Haemorrhoidal cushions are vascular structures in the anal canal that are present in everyone. The haemorrhoidal cushions swell to ensure proper closure of the anus. These cushions can however cause problems when they enlarge or get inflamed. This occurs when the blood vessels in the haemorrhoidal tissue swell due to excessive pressure exerted on weakened tissue, for instance by straining to move stool. Contributing factors include obesity, nutrition, irregular bowel habits (constipation or diarrhea), pregnancy and anal intercourse. There are two types of haemorrhoids: internal haemorrhoids which are located inside the anus and external haemorrhoids, that protrude outside the anus.
There are two types of haemorrhoids: internal haemorrhoids, which are located inside the anus and external haemorrhoids that protrude outside the anus. Swollen or inflamed internal haemorrhoids will usually cause less discomfort, while external haemorrhoids cause the majority of problems for those who suffer them. Both need to be treated. Although haemorrhoids themselves are not dangerous or life threatening, infected haemorrhoids can cause serious complications.
You may have developed haemorrhoids (also known as ‘piles’), if you experience the following symptoms: blood in your stool or toilet bowl, blood on your toilet paper, incomplete and painful bowel movements, itching and/or irritation in or near the anus, a painful lump in or near your anus, or pain while sitting. We do suggest you consult your general practitioner if you are not sure whether your symptoms are caused by haemorrhoids. Bleeding and pain from your rectum could be symptoms of a more serious illness. Many people feel embarrassed when facing the problem and frequently seek medical care only when the case is advanced.
The best way to prevent haemorrhoids, and to prevent them from re-occurring, is a healthy lifestyle with a good mix of (fibrous) nutrition and exercise, regular toilet habits and personal hygiene.
Nutrition: increase your fibre intake. Eat sufficient grains, fruits and vegetables and drink plenty of fluid (no alcohol) – recommended are 1.5-2 litres a day.
Exercise: exercise daily and aim for a healthy weight as obesity may increase the risk of haemorrhoids.
Toilet habits: avoid straining while attempting to defecate and avoid laxatives as they can aggravate haemorrhoids. Spend as little time as possible on the toilet, but at the same time do not rush your natural needs. Go to the toilet regularly and do not not to hold it in. This could result in constipation, causing you to exert more pressure.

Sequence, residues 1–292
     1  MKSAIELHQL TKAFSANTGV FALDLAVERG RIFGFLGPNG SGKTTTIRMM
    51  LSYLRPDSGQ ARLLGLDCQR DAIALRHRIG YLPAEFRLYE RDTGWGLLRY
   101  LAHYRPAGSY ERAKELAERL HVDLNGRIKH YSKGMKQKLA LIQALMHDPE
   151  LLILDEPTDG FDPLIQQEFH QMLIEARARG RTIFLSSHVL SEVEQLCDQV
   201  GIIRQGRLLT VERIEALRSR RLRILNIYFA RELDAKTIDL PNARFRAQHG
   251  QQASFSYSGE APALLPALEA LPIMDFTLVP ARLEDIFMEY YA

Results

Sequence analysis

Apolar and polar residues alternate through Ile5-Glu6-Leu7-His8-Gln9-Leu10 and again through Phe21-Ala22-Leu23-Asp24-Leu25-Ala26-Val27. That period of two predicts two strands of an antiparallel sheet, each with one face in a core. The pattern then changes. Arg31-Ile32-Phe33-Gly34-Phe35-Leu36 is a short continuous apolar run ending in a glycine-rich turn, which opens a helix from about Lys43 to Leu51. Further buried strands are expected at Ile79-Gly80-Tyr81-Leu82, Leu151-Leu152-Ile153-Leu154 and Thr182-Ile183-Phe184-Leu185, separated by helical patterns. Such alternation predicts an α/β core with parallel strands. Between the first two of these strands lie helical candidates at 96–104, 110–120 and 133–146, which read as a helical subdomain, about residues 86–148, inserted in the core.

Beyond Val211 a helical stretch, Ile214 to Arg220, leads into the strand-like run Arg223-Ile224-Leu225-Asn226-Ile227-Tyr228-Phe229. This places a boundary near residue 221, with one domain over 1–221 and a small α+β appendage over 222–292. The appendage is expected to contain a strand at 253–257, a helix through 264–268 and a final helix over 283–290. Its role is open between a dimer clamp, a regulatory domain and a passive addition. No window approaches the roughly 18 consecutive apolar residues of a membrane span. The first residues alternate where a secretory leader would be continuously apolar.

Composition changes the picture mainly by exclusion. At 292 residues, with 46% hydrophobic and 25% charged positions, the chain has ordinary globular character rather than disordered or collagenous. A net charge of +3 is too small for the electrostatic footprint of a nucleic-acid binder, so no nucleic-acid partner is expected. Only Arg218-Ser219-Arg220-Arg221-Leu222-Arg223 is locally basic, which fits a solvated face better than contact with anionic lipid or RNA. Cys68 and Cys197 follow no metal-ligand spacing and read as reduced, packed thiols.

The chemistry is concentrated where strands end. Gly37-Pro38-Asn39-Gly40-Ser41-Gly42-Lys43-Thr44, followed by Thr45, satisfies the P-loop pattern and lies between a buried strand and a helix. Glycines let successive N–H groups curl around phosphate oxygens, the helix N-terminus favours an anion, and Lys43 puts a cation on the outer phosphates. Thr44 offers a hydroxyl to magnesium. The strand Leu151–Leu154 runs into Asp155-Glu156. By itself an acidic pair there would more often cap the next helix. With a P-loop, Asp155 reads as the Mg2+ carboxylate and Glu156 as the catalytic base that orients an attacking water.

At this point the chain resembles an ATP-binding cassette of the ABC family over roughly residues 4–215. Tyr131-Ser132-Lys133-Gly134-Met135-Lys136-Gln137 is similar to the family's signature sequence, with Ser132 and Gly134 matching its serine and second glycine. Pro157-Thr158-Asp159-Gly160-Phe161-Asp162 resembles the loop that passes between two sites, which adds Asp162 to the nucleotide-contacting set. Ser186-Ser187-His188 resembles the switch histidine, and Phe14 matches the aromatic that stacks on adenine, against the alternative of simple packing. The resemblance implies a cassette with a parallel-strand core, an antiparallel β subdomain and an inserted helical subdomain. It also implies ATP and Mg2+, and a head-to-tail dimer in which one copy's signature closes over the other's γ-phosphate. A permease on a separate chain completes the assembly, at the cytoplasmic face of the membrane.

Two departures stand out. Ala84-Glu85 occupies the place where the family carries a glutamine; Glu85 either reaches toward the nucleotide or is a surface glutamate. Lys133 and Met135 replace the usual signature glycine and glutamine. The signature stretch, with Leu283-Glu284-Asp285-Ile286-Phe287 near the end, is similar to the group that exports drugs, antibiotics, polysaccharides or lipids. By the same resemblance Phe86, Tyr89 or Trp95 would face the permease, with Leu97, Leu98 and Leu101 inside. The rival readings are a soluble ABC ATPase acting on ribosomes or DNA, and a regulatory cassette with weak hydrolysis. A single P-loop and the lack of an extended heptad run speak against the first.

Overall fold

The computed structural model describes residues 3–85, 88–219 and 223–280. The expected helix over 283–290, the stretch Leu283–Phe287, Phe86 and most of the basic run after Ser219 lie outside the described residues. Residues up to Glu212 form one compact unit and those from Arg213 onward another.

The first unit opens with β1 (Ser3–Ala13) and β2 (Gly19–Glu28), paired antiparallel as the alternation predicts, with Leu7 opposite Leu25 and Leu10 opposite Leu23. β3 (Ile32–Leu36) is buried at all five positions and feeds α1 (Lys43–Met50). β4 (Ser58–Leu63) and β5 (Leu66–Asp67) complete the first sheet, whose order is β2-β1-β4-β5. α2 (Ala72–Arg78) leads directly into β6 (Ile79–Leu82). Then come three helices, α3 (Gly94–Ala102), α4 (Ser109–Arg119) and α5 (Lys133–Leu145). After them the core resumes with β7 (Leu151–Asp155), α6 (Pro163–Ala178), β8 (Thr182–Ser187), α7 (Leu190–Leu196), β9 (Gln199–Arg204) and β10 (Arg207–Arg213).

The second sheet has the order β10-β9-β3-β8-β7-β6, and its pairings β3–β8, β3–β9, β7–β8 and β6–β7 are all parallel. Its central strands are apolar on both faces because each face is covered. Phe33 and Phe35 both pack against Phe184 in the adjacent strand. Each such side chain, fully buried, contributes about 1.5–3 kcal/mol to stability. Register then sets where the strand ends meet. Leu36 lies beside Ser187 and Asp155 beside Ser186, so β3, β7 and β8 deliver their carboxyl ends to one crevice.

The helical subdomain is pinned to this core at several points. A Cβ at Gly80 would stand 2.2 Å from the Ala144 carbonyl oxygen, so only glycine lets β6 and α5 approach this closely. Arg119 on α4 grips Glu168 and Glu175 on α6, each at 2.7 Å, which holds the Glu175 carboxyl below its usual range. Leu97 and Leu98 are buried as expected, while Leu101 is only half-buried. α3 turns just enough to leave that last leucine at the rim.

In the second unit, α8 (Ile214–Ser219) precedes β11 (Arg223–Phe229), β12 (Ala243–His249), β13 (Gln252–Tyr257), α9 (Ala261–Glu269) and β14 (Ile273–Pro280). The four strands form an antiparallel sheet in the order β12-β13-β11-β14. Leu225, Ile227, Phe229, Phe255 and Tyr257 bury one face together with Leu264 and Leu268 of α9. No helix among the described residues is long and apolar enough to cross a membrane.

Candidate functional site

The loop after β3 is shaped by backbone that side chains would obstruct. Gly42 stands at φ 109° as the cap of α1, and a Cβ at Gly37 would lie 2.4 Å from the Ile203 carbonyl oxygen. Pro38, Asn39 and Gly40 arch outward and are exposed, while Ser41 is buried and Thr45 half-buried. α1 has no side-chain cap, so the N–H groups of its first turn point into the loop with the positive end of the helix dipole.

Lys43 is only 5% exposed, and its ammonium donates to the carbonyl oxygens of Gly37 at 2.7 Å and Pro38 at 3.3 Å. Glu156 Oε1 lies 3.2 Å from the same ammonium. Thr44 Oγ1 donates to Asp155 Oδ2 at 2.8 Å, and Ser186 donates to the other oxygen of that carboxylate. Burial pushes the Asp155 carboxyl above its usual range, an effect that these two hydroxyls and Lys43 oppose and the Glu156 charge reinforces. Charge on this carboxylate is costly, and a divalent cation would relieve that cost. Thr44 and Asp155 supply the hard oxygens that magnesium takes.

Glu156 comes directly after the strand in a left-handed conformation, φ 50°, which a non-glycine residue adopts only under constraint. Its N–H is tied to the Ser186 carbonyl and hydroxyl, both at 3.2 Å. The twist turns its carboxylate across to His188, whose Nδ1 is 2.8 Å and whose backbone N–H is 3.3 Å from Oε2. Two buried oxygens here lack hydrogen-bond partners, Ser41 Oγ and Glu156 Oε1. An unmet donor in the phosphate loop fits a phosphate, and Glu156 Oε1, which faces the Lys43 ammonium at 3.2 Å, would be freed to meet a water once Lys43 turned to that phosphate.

Personal hygiene: using regular toilet paper, wipe the anal area gently but thoroughly – front to back – after each bowel movement. In addition, you may use moist wipes designed for adult bathroom use or baby wipes. If you have already developed haemorrhoids, we advise you use HemoClin Wipes.
A combination of hygiene and topical treatment is key.
Hygiene: be gentle when wiping after each bowel movement, so as not to damage the haemorrhoidal tissue. You can either only use HemoClin Wipes, or use regular toilet paper first, followed by a final clean with HemoClin Wipes. Clean the anal area regularly with a gentle stream of water (do not use soap or scented cleaning agents). Avoid scratching, which could damage skin and worsen the condition. Push the flabby haemorrhoid(s) gently back inside.
Treatment: use HemoClin Original, Tube or Spray to treat (and prevent) anal discomfort and haemorrhoids.
Haemorrhoids affect approximately 50 percent of the population and appear to be distributed evenly across both male and females. Your chances of getting haemorrhoids may increase with irregular bowel habits, constipation or diarrhea, genetics, little exercise, low fibre diet, pregnancy and delivery, obesity, age, sitting for long periods of time andanal intercourse.
No, haemorrhoids are not contagious. Genetic factors do play a role. If you have family members suffering from haemorrhoids, the chances that you will also get them increase.
Haemorrhoids are usually quite uncomfortable but are not dangerous or life threatening. Haemorrhoidal symptoms can disappear after a few days but will eventually return, often worse. Use HemoClin Original, HemoClin Tube or HemoClin Spray for rapid relief from haemorrhoids and anal discomfort. Consult your practitioner if you experience fever, sudden sharp pain around the anus or excessive bleeding during bowel movements.
HemoClin is a suitable treatment whilst pregnant or nursing, however it is important to consult your doctor, midwife or pharmacist before using any medicine at that time.
HemoClin Spray contains a liquid, HemoClin Original and HemoClin Tube contain a gel and HemoClin Wipes are saturated with a lotion. The active ingredient for all HemoClin products is derived from the Aloe barbadensis plant, well known for its healing properties.
HemoClin Spray, HemoClin Original and HemoClin Tube are based on the patented 2QR complex, which is proven to block harmful bacteria and support the natural healing process. See the video on how 2QR complex works in the media section of this website.